The Killing Consensus (Paperback)
Police, Organized Crime, and the Regulation of Life and Death in Urban Brazil
University of California Press, 9780520285712, 216pp.
Publication Date: March 21, 2015
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We hold many assumptions about police work—that it is the responsibility of the state, or that police officers are given the right to kill in the name of public safety or self-defense. But in The Killing Consensus, Graham Denyer Willis shows how in São Paulo, Brazil, killing and the arbitration of “normal” killing in the name of social order are actually conducted by two groups—the police and organized crime—both operating according to parallel logics of murder. Based on three years of ethnographic fieldwork, Willis's book traces how homicide detectives categorize two types of killing: the first resulting from “resistance” to police arrest (which is often broadly defined) and the second at the hands of a crime "family' known as the Primeiro Comando da Capital (PCC). Death at the hands of police happens regularly, while the PCC’s centralized control and strict moral code among criminals has also routinized killing, ironically making the city feel safer for most residents. In a fractured urban security environment, where killing mirrors patterns of inequitable urbanization and historical exclusion along class, gender, and racial lines, Denyer Willis's research finds that the city’s cyclical periods of peace and violence can best be understood through an unspoken but mutually observed consensus on the right to kill. This consensus hinges on common notions and street-level practices of who can die, where, how, and by whom, revealing an empirically distinct configuration of authority that Denyer Willis calls sovereignty by consensus.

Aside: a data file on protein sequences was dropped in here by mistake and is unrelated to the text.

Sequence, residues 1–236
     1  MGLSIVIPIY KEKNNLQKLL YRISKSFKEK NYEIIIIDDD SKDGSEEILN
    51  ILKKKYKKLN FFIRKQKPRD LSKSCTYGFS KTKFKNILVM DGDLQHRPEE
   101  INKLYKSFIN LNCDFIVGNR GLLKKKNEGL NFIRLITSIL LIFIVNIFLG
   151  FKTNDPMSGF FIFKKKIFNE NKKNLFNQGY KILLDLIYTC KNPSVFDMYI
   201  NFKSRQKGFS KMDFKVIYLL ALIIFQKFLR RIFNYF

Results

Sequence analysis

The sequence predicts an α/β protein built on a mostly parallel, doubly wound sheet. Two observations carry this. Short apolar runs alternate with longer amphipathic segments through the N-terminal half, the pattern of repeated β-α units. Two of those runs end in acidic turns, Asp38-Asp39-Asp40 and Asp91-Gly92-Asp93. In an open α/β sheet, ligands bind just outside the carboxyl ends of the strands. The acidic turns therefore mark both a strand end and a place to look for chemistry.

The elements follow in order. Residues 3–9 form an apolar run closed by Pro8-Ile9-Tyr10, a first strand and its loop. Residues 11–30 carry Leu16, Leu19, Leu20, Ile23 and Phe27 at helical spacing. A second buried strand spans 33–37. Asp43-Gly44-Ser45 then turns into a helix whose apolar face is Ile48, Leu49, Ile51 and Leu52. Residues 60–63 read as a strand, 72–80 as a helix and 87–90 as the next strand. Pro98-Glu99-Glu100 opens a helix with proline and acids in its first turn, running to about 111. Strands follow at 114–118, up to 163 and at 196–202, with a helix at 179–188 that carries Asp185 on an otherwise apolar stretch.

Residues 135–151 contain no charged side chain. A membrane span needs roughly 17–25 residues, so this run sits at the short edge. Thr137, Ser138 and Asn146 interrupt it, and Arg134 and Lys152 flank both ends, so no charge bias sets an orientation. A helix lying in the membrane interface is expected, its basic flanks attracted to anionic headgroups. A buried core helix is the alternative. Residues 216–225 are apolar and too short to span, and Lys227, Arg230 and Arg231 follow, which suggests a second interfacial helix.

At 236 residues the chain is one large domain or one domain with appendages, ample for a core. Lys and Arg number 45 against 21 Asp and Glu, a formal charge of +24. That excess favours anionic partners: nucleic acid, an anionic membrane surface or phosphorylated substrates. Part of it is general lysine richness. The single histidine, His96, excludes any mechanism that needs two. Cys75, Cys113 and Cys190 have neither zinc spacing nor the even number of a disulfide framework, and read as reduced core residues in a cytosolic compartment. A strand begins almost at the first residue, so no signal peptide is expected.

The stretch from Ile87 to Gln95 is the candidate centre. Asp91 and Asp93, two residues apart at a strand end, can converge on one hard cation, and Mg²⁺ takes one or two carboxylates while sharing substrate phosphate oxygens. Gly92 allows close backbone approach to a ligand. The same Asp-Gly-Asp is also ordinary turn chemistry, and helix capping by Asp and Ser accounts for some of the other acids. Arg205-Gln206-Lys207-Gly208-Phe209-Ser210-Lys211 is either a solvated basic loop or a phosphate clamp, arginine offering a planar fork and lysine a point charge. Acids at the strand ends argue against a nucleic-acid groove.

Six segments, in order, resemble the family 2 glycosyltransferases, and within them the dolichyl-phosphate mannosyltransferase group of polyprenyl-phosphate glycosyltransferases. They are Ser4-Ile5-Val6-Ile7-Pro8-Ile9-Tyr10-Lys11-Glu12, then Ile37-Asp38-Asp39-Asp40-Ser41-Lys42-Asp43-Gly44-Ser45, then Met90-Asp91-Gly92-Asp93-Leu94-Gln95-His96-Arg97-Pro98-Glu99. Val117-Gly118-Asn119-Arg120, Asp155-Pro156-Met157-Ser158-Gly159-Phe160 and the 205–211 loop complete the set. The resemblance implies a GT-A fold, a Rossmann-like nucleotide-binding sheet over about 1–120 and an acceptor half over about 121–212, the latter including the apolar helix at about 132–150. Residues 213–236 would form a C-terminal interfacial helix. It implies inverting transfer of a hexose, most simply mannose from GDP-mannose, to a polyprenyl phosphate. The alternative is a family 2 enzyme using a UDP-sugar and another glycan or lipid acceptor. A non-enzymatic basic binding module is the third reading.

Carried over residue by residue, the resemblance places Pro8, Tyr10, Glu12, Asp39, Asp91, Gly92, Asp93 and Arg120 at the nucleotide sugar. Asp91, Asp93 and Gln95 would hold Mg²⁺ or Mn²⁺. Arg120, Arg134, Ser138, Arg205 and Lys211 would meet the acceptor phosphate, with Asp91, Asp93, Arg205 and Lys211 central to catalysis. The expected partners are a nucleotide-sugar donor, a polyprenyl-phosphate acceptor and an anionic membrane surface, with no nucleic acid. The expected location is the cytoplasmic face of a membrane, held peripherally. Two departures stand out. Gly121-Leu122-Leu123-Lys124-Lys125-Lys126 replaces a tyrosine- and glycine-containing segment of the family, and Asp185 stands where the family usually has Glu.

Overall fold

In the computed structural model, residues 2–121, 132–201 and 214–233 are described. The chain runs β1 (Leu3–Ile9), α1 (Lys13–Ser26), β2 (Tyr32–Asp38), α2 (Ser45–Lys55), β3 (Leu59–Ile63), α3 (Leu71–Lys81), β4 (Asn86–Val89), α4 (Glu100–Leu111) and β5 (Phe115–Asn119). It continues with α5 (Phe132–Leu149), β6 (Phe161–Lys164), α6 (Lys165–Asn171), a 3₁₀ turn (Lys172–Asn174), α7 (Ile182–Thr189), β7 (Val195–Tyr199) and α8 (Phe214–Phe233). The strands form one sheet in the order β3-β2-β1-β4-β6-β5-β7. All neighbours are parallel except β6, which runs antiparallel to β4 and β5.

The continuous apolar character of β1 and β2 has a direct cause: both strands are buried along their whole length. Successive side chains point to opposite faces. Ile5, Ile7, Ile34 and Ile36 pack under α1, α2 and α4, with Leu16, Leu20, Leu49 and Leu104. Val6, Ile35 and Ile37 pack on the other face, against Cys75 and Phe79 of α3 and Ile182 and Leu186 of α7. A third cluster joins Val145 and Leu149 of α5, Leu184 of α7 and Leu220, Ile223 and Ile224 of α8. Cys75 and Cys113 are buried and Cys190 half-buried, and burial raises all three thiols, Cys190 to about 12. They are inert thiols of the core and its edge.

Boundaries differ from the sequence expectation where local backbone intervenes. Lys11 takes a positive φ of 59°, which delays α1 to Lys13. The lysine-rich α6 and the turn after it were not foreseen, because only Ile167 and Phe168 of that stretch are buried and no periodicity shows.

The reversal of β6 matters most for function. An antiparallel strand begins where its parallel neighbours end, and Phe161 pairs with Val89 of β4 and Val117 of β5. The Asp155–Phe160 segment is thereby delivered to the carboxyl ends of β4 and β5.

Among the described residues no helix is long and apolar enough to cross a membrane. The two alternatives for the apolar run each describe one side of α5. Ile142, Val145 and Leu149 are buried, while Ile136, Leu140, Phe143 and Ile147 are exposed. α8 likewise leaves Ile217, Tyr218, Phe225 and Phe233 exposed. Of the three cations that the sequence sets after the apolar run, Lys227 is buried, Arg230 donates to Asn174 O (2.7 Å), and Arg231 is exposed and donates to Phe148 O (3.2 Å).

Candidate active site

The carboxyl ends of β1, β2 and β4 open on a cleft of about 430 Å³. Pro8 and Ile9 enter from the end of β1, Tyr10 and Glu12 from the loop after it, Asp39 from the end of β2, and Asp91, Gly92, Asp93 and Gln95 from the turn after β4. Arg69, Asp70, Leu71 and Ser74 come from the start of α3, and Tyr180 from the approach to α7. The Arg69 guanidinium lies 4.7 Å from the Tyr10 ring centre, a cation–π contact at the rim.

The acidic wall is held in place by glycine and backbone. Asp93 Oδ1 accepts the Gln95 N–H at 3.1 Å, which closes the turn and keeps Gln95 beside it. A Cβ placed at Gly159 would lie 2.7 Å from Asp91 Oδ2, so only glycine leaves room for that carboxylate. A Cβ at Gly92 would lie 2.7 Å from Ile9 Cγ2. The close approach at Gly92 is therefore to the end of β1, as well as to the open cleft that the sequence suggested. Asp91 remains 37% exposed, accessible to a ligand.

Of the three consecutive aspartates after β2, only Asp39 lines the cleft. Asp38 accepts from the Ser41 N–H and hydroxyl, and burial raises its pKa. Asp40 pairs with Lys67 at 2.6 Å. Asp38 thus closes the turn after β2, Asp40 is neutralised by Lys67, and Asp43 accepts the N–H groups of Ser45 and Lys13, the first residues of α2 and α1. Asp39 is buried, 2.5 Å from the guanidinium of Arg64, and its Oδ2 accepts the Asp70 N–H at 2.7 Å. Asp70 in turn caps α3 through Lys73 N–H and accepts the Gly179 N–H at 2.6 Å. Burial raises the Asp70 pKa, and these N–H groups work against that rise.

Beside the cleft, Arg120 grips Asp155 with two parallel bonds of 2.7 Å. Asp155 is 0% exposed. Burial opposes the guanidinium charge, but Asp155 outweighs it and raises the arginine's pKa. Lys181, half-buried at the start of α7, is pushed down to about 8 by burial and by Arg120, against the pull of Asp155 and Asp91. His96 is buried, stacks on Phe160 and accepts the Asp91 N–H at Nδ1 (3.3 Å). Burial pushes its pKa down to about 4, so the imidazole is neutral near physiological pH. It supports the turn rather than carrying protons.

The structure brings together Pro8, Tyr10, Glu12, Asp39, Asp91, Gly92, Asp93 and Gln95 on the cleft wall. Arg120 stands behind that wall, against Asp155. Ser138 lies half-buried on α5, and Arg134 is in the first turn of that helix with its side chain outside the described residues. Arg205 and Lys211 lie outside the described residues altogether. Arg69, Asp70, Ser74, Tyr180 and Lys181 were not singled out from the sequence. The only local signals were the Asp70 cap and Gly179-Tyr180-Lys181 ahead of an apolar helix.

About the Author
Graham Denyer Willis is a University Lecturer at the Centres of Development and Latin American Studies and a Fellow at Queens' College, University of Cambridge.
Praise For The Killing Consensus: Police, Organized Crime, and the Regulation of Life and Death in Urban Brazil…
"Weaving in detailed observations from years of fieldwork, Willis’s ethnography is both a cautionary tale about the cyclical nature of unregulated violence and a critique of the system that facilitates such an arrangement."
— Survival: Global Politics and Strategy
"An engaging and theoretically thorough interpretation of the public security challenge in urban Brazil."
— Luso-Brazilian Review
"A groundbreaking new study that enhances our understanding of policing in Brazil... a much-needed and timely intervention in the field of policing and urban governance... This is a must-read book for those interested in understanding the rationale of police practices and alternative forms of sovereign power in urban contexts, in which some lives do not matter."
— Jaime Amparo Alves
"The book is tightly written, the analysis interdisciplinary, and the questions raised by the author have profound implications for a host of academic fields."
— Jeff Garmany